Our concert this past weekend in Montreal was an occasion too grand for words. It was an incredible honor to sing such a concert with two wonderful choirs, both ours, the Boston Byzantine Choir, and the theirs, the two choirs … Continue reading →
My phone rang this morning at 6:00am. “Such a strange time for anyone to be calling. It could not possibly be a salesman.” Caller ID said, “City of Boston,” and when I answered it, the robo-call voice on the other end spoke of a city-wide advisory to stay indoors while police were in hot pursuit of a suspect who was roaming the streets, extremely armed and dangerous. Now, it is one thing to hear of such tales from browsing too many conspiracy theorists’ websites late into the night. It is another thing entirely to get an official alert from city hall bright and early on a Friday morning. I immediately vowed not to make the same prayer-less mistake that I made earlier in the week when given similarly perilous news. In the wee hours of the morning, before most of my family even thought about arising, I said an Akathist prayer to the Tsar-Martyr Nicholas of Russia and followed it up with the Akathist prayers to the Mother of God that I spoke about in an earlier post. Continue reading →
Several years ago after the Virginia Tech Massacre, I wrote an article for our parish newsletter entitled Peace-keepers of Another Kind: Monks of 4th Century Antioch. Given the recent heroic efforts of the first responders at Monday’s Boston Marathon Bombing, I was reminded of this article, and thought it might be time to resurrect its contents for publication in this blog. I hope you agree that it is as timely today as when I first ran it six years ago.
What does it take to restore peace to a city or country once overrun with violence and civil strife? This question is central in considering recent events both at home with shootings at Virginia Tech and abroad with the attempts of our military to quell sectarian violence in Iraq. A show of force by the ruling authority can help, but it is only part of the solution to what is a much greater spiritual problem, and often an excessive show of force may even make matters worse.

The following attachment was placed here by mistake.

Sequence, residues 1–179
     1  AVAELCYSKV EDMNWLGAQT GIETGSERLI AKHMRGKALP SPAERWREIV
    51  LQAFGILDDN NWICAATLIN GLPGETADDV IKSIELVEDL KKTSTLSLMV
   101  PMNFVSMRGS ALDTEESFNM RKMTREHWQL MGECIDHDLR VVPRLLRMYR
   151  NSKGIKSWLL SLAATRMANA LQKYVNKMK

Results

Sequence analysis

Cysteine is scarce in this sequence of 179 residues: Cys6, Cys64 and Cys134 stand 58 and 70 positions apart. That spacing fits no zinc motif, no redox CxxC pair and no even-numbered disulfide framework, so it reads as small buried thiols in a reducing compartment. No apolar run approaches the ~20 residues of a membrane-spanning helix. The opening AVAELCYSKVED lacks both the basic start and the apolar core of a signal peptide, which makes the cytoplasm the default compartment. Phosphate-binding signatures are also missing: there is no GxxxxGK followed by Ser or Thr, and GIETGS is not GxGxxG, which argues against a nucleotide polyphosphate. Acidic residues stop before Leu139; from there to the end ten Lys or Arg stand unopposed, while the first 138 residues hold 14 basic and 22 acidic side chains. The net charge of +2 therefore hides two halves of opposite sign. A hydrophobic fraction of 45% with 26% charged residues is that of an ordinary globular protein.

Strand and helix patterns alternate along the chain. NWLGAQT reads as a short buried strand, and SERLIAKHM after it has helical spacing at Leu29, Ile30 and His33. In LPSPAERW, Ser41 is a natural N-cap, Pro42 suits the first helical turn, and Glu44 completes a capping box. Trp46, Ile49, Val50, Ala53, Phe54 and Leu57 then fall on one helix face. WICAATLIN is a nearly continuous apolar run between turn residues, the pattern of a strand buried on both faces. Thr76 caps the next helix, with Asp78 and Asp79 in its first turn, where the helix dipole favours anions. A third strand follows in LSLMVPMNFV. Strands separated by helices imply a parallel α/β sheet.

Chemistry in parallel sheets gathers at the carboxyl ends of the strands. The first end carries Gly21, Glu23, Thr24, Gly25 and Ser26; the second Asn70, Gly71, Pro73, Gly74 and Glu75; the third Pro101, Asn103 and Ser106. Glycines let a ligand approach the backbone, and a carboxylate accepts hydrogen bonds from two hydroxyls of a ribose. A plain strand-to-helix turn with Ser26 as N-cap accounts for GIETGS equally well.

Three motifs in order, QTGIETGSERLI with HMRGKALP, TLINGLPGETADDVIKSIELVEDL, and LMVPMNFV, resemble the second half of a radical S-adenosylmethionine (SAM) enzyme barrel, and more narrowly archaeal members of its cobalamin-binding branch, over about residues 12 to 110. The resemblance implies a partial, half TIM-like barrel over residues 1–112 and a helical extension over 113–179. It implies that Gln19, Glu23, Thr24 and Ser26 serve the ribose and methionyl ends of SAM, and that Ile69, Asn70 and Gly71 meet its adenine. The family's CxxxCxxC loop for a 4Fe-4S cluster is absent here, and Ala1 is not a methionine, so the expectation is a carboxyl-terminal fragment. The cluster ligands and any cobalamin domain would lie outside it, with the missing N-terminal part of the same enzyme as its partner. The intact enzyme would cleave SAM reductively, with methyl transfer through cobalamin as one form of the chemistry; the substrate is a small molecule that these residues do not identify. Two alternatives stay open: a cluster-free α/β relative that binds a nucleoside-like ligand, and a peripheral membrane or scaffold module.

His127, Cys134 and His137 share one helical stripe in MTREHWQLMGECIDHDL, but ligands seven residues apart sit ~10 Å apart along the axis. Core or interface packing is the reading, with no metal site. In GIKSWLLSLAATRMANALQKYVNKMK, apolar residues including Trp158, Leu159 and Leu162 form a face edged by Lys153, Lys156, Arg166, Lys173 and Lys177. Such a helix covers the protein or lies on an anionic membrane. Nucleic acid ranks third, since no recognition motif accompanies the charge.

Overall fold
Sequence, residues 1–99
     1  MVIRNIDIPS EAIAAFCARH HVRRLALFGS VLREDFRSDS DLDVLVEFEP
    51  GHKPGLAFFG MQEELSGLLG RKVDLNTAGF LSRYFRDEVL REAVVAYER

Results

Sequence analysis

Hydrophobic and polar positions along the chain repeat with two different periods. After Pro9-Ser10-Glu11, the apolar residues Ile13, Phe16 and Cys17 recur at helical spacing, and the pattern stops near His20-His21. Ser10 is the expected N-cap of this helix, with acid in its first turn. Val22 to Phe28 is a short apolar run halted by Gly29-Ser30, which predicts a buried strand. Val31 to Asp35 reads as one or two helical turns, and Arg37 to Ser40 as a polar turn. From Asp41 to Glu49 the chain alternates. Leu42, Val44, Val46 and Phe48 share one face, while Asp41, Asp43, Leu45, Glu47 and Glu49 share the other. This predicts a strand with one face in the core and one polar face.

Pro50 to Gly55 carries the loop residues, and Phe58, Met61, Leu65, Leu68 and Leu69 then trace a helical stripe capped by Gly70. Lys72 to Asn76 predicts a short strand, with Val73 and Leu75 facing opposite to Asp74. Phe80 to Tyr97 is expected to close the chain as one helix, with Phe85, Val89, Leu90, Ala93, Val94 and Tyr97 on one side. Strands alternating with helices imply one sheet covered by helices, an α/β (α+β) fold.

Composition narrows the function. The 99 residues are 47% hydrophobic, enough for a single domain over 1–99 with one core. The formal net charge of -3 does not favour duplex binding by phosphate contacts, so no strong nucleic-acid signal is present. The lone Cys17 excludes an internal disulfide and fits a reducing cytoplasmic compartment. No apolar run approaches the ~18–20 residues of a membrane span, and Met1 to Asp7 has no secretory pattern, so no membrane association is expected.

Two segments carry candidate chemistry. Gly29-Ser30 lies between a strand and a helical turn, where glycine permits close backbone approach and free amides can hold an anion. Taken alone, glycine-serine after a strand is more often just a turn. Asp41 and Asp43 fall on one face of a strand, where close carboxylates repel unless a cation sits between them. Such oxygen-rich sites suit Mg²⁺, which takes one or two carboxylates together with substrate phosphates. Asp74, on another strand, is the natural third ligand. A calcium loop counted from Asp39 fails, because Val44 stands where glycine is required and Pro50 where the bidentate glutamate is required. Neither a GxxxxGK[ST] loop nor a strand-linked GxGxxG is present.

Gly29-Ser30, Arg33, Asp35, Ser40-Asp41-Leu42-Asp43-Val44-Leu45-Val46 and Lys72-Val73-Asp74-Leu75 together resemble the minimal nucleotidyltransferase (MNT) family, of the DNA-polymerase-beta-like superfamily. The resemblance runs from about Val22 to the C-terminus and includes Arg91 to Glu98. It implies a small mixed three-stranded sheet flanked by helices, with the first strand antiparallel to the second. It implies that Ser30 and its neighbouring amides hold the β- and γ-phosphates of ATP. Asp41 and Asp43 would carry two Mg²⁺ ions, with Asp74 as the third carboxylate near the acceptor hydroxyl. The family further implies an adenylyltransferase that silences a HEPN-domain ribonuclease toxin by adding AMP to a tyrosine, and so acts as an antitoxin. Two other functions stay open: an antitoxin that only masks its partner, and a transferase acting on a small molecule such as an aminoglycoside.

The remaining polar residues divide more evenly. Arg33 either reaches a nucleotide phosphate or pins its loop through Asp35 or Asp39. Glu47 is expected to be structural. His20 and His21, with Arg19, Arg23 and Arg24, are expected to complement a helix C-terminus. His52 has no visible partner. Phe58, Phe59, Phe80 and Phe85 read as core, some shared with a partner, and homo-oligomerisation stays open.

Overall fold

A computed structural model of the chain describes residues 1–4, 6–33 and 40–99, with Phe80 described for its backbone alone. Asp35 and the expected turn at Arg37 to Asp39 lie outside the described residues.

In fourth century Antioch, a crisis broke in the city when a group of citizens who disapproved of the Roman Emperor’s new taxes rebelled by desecrating his statue placed in the center of the city as a sign of his authority. They toppled the statue, tied it to the back of a horse, and dragged it through the city streets. In this ancient empire, any action taken against the Emperor’s image was considered a direct assault on the Emperor himself. These rebels started a riot and placed the whole city under the suspicion of the crown. Magistrates and troops were dispensed at once from Constantinople and rumors ran wild about who was to blame to the extent that all kinds of important public officials and common citizens fled for their lives to “undisclosed locations” around Antioch. Continue reading →
I first heard of the tragedy that struck our fair city in the form of an email call for urgent prayer. And being the prayer warrior that I am… [ahem] well, no, you guessed it. Instead of instantly falling on my knees to almighty God and begging the protection and supplication of his saints and angels, I instead worried and hunted on the internet for information when information was least readily available.
I had been just four blocks away from the blast site with my three young children only several hours before the incident. We enjoyed a lovely morning of carousel and swan boat riding and were contemplating a trip into the spectator crowds around the marathon when a wiser notion [nudge from a guardian angel?] steered us underground on the metro and back towards home. Continue reading →